Arany, Janos b. Mar. 2, 1817, d. Oct. 22, 1882, was Hungary's greatest epic poet and, with Sandor PETOFI, the creator of a realistic poetry based on Hungarian folk traditions. He produced literary treatises of lasting value, landmark translations of Shakespeare and Aristophanes, and ballads unsurpassed in Hungarian literature.
His Toldi trilogy--Toldi (1847), Toldi szerelme (Toldi's Love, 1848-79), and Toldi esteje (1854; Toldi's Evening, 1914)--an epic tracing the life of the 14th-century Hungarian hero, remains the best narrative poem in Hungarian literature. It is distinguished by penetrating characterization, a striking use of mythology and chivalry, and vivid diction.
Jokai, Maurus (Mor) a most accomplished and prolific author of romantic fiction, b. Feb. 18, 1825, d. May 5, 1904, established the novel as a genre in Hungary. Black Diamonds (1870; Eng. trans., 1894), which develops the concept of an ideal man, and Az aranyember (1873; trans. as A Modern Midas, 1884), which uses the Midas motif, are considered his best works.
Jozsef, Attila b. Budapest, Apr. 11, 1905, d. Dec. 3, 1937, was Hungary's first truly proletarian poet and one of the greatest Hungarian poets of the 20th century. The son of a simple soapmaker who deserted his family, Jozsef was brought up in harsh poverty by his mother, a washerwoman. He had an almost schizophrenic drive to alter the existing order of things, and his seven volumes of poetry reflect a profound sympathy for the exploited Hungarian working classes. Jozsef committed suicide, having been troubled by mental illness throughout his life. One of his great poem 'A Hetedik' The Seventh in English and Hungarian and another famous poem 'Nagyon faj' or It Hurts so much in English only.
Molnar, Ferenc b. Jan. 12, 1878, d. Apr. 2, 1952, is perhaps the best-known Hungarian author outside of that country. His plays have been translated into more than 25 languages, and several have been adapted for the screen. Liliom (1909; Eng. trans., 1921) and The Swan (1920; Eng. trans., 1922) are frequently staged in the West.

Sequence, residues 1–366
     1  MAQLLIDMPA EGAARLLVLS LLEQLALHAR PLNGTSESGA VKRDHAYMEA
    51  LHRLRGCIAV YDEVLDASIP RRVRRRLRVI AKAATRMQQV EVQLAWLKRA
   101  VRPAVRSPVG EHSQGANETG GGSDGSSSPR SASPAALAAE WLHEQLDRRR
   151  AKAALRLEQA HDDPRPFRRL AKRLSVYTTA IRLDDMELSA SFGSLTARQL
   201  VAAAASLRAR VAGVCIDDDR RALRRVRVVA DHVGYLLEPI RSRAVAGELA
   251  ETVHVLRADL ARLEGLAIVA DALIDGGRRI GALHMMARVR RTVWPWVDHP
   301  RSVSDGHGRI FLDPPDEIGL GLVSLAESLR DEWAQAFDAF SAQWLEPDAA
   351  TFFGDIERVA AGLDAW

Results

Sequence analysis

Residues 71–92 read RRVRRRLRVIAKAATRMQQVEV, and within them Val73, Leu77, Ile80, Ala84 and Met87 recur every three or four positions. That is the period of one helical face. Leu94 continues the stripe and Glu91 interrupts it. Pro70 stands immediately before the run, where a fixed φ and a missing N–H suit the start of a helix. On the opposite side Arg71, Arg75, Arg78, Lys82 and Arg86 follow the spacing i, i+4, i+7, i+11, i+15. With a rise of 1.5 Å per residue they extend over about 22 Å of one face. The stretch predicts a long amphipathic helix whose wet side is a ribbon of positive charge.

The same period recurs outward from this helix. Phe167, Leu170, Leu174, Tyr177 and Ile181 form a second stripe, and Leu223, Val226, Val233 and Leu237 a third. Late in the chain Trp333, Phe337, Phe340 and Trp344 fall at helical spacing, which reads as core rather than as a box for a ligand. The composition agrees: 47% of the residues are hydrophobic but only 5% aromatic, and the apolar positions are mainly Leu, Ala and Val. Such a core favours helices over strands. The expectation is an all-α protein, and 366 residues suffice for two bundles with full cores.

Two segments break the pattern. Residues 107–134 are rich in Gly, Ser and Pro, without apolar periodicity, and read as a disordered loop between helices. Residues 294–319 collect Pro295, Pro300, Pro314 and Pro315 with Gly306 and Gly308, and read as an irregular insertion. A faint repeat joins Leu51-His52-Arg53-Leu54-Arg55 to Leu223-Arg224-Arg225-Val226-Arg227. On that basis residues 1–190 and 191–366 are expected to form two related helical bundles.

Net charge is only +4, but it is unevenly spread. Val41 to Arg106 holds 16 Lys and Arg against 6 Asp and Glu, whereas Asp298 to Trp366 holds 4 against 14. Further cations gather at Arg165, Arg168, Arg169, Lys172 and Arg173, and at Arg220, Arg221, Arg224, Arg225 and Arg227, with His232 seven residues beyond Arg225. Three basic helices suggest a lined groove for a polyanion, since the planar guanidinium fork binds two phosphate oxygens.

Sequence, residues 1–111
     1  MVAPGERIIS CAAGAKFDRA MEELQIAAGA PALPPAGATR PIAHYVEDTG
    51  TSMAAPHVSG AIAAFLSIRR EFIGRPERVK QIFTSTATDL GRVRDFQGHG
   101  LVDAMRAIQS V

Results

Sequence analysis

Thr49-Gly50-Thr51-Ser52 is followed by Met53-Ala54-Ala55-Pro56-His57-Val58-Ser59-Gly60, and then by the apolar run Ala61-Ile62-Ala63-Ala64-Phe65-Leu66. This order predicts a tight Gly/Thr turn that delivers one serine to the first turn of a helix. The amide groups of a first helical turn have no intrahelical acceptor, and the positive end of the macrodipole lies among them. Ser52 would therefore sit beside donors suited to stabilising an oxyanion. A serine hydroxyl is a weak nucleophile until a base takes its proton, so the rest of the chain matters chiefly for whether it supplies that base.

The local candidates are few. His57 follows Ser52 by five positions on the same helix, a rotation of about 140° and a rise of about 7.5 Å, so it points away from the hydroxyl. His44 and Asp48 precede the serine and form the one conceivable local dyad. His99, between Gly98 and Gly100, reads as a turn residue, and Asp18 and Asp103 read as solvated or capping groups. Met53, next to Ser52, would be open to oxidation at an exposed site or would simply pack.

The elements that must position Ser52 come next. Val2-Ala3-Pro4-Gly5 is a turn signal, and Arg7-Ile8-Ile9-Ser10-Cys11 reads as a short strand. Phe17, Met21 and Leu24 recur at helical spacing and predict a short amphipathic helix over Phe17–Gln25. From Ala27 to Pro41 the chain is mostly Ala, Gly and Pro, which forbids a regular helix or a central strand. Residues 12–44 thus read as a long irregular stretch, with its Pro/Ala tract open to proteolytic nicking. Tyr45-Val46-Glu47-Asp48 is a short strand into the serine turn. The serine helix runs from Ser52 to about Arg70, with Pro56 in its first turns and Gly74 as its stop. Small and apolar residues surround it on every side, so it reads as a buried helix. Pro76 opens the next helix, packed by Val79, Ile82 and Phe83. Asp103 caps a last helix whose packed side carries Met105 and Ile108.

A keen observer of urban life, Molnar was especially adept at depicting middle- and upper-class urban life. His plays display a mastery of stagecraft, witty dialogue, and a polished style. Some of his best short stories are collected in Muzsika (Music, 1908). Molnar was also the author of several novels, the most successful being The Paul Street Boys (1907; Eng. trans., 1927), written for young people. He left Hungary in the 1930s to settle in New York.
Moricz, Zsigmond b. June 29, 1879, d. Sept. 4, 1942, was the most prominent 20th-century Hungarian prose writer. He was primarily a novelist and short-story writer, and his work is remarkable for its realistic portrayal of life in Hungarian villages and provincial towns. His finest novels include the historical trilogy Erdely (Transylvania, 1922-35). Moricz was also the editor of the literary journal Nyugat (West), which supported modernist literature and liberal politics.
Petofi, Sandor Hungarian lyric poet b. Jan. 1, 1823, enriched the artistry and extended the range of his nation's poetry beyond any predecessor and created a new synthesis of poetic techniques and realistic subjects. His epics were powerful blends of folk topics, attitudes, and verse forms, and his lyric poems stood out as aesthetic expressions of genuinely felt human experiences. They celebrated nature, the joys and sorrows of common folk, married love, family life, and patriotism. His language, images, folklore, and characters were rooted in the Hungarian Great Plains. He participated in Hungary's War of Independence (1848-49) and disappeared on July 31, 1849, in a battle against Russian forces. He was probably buried in a mass grave. One of his greatest poem: Nemzeti Dal or Rise up Magyar!